Now that some countries have successfully managed to bring the first wave of COVID-19 under control, it is time to
take an early look back and consider what could have been done differently to improve outcomes in all countries. In
advance of COVID-19, a series of infectious threats --SARS, highly pathogenic avian influenza virus infection, MERS,
and the first pandemic of the century, 2009 H1N1 influenza – had already established a pattern of potential but
imminent pandemic emergence, and adoption of IHR(2005) by all Member States should have pushed development
of core capacities for detection, reporting, and mitigation to the top of the priority list for national and international
leaders and their communities. However, countries have often failed to deliver on this mandate due to other pressing
priorities and, notably, a lack of financial commitment: response overrides preparedness. How did these lapses affect
countries’ readiness for and response to COVID-19? Sessions will address lessons learned so far -- and particularly
what went well to improve preparedness for future events.
Since 2011 and the launch of the Pandemic Influenza Preparedness Framework, preparedness for the emergence of novel influenza viruses with pandemic potential has gained momentum. The PIPF approach was also considered generally adaptable to any other emerging respiratory viruses, including the hypothetical ‘Disease X.’ COVID-19 fits the Disease X paradigm perfectly, complemented as it is by the opportunities provided by the R&D Blueprint to add diagnostics, vaccines, and therapeutics. The core PIPF components have informed the COVID-19 response at national and global levels, including a whole-of-society approach, use of non-pharmaceutical public health interventions, the important role of communication, and the cross-sectoral partnerships among faith-based organizations, industries, labor/employers, and occupational and trade unions. The Global Influenza Surveillance and Response System (GISRS), covering 122 countries, has equipped countries with diagnostic capacity, along with the contributions of other major disease programs, e.g., HIV, TB, and malaria, that have enabled local laboratories to perform PCR tests for COVID-19 diagnosis.
In one of the first speeches after his appointment, Tedros Ghebreyesus, the WHO Director-General, noted that ‘in an interconnected world, we are only as strong as our weakest link.’ No country is safe if disease transmission is active in some parts of the world. COVID-19 hit the wealthiest countries hard, with effects far beyond health, while some middle- and lower middle-income countries managed to get their situations under control. In addition to the levels of pandemic preparedness, the disparities reflect the characteristics of the various health systems, such as emphasis on primary health care, extent of public funding for health care, public-private mix in healthcare delivery and adequacy of human resources in health. COVID-19 is confirming the importance of community engagement and ownership, and informed and community-supported self-directed health and hygiene behaviours of each individual in controlling the pandemic. ‘Solidarity’ has become a symbol of the COVID-19 response – from the global level and down to the grassroots. One remarkable achievement has been demonstrated in healthcare facilities. To save lives when the flood of patients was overwhelming hospitals and ICUs, national and international aid teams were sent – either voluntarily or through their organizations -- to create and maintain surge capacity.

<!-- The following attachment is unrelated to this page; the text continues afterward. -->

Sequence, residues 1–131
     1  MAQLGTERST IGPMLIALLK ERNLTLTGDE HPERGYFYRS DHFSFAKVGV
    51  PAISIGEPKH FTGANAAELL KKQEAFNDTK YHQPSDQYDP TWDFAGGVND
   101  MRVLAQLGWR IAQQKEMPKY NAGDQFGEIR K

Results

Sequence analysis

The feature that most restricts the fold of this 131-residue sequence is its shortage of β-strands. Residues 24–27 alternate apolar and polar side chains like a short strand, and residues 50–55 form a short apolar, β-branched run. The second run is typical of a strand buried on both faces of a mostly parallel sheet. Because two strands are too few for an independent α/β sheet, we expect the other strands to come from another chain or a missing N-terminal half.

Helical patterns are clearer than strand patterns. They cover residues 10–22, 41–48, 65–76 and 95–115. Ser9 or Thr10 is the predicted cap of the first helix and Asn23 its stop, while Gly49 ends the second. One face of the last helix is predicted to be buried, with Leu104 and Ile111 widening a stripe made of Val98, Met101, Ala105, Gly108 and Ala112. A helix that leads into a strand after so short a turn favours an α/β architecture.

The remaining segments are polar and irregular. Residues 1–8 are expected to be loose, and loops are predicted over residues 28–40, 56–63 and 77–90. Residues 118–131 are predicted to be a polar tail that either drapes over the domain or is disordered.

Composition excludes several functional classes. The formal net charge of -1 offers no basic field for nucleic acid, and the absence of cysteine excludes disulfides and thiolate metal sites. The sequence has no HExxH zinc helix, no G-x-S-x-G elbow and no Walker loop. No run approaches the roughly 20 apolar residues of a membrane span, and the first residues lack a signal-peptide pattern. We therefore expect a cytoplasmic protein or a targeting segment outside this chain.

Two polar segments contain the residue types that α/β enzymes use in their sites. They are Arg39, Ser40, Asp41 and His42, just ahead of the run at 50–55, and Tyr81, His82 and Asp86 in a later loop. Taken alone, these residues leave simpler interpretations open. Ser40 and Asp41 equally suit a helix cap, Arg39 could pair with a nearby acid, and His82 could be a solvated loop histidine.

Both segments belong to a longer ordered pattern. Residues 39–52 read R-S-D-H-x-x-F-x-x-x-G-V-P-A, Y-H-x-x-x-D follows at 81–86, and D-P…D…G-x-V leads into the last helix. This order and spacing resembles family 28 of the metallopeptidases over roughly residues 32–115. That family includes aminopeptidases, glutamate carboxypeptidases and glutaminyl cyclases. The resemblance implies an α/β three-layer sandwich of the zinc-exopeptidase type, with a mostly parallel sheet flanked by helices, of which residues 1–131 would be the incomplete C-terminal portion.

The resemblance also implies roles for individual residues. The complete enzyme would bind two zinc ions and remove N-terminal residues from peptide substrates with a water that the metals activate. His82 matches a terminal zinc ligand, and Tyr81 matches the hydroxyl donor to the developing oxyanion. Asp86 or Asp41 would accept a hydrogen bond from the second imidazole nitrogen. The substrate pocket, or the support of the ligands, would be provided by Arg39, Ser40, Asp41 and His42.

Another issue to explore is the international connectivity among megacities and their roles as trade, traffic, and disease propagation hubs. As shown during SARS, the 2009 influenza pandemic, and this time again, when an emerging pathogen starts its global propagation, it hits the big cities first, then amplifies and spreads to other international hubs. These cities are often more connected to each other than to other places in the same country. Urbanization is another critical factor to explore if we want to prepare better for future epidemics and pandemics.
Finally, efforts are ongoing to identify the SARS-CoV-2 animal source, investigate the human-animal interface (HAI), and determine how this virus was introduced in humans. To manage and control the future risk of emergence of Disease X, the public health and human health security communities must further strengthen HAI work, including the environmental component (i.e., the ‘One Health’ approach)as well as the potential for deliberate or accidental release of engineered organisms (i.e., synthetic biology).
Thus, as we look to the near future, we will use this opportunity to identify the urgent problems yet to tackle and the ways in which we can and should augment readiness. Countries will be invited to relate their experiences with preparedness, containment, and mitigation during both the early phases of the pandemic and continuing as the situation evolves, as well as their assessment of the recovery measures implemented by governments. We will also examine the role and contributions of international organizations and communities in aiming to draw lessons for the world and lessons for countries.